Matthew Habel, with a major in the Department of Mathematics, entered the School of Arts and Sciences ready to take full advantage of the breadth and depth of its undergraduate academic programs.
Taking an analytical and expansive approach to college education
As soon as he arrived at Rutgers, Matthew Habel set out on a wide-ranging academic journey.
He tried out several possible majors in the social and physical sciences, conducted research on cancer and heart disease, and worked at an internship where he learned about the process of bringing medicine from the conceptual stage to consumers.
“I was drawn to Rutgers because of its size and depth,” the Howell, N.J. native says. “One of the things I really liked about the School of Arts and Sciences is that you have the opportunity to tailor your experience. If you’re interested in a particular area, you can reach out to professors and create your own path.”
Habel, who graduated in May, 2018, eventually decided on biomathematics as his major, an interdisciplinary field that uses complex math to advance experimental biology.
“Biomathematics felt right to me,” he says. “Of course there were a lot of 90 degree turns that led me here.”
Indeed, Habel initially pursued psychology with the goal of becoming a psychiatrist. Then, seeking a more traditional science background, he studied in the Department of Chemistry and Chemical Biology. He also had several important stints in undergraduate research. At the Rutgers Psychophysiology Laboratory, he examined the connection between cardiovascular reactivity to stress and heart disease. And at the Rutgers Cancer Institute of New Jersey, he investigated the metastasis of pancreatic cancer.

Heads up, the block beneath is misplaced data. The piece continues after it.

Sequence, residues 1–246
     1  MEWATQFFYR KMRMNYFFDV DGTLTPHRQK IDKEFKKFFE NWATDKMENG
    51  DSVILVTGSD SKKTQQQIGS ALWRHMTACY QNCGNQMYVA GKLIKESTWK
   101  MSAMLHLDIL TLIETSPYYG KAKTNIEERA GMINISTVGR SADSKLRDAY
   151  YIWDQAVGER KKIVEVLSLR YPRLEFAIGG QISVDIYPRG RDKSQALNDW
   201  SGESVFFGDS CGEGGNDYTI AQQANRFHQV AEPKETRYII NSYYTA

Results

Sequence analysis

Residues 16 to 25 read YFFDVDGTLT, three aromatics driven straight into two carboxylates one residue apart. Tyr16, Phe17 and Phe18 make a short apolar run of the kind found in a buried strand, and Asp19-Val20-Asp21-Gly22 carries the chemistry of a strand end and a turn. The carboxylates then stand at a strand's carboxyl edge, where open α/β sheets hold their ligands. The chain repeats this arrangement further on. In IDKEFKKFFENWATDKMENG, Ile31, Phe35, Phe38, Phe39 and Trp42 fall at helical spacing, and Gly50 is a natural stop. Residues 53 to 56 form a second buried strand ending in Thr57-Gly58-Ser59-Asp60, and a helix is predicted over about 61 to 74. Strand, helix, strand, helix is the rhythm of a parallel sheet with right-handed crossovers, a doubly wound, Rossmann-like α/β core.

If you’re interested in a particular area, you can reach out to professors and create your own path
“When I started out, I had medical school on my mind,” he said.
But in the course of doing research he began noticing with increasing fascination the work taking place at the intersection of science, mathematics, and business.
“There were a lot of people at the cancer institute working with novel techniques and technologies, trying to move things forward into clinical trials,” he says.
He signed up for some operations management and artificial intelligence courses, and landed an internship at a pharmaceutical consulting firm.
“You had to understand the science behind the products and you had to mathematically model how this product would do,” he said. “I enjoyed that challenge.”
He soon became drawn toward biomathematics, a field that emerged at Rutgers in the 1970s and is experiencing a major resurgence due to advances in bioinformatics and molecular biology. The major, administered by the Department of Mathematics, is great preparation for both graduate studies as well as research jobs in the pharmaceutical industry and government labs.
“Ultimately I’m interested in starting my own consulting firm that employs the mathematics behind artificial intelligence techniques to help businesses solve problems,” Habel says. Despite taking on a heavy and challenging course load, Habel maintained high academic standards throughout his academic career.
His facility with organic chemistry, for example, earned him a slot as an undergraduate teaching assistant in the Department of Chemistry and Chemical Biology. He worked as a part-time lecturer for undergraduate chemistry lab, alongside his studies.
Habel said that receiving Arts and Sciences scholarships was a definite advantage. He received the Harriett and Robert Druskin Endowed Scholarship, the Dave and Ceil Pavlovsky Endowed Scholarships, and the Class of 1915 Waksman Scholarship.
“I was able to reallocate my time so that the hours I would spend working as a private tutor were then used to focus on my own studies,” Habel says. “This allowed me to dive into the quantitative side of my studies—learning about operations research and more advanced mathematics—and really cultivate my knowledge in this area.”
He also cited the influence of his father, an engineer who grew up in Poland under communist rule before moving to the United States. “Poland did not have the economic mobility and I think he felt held back,” Habel said. “When my father came to the United States, he worked very hard and took advantage of every opportunity. He certainly instilled that in me.”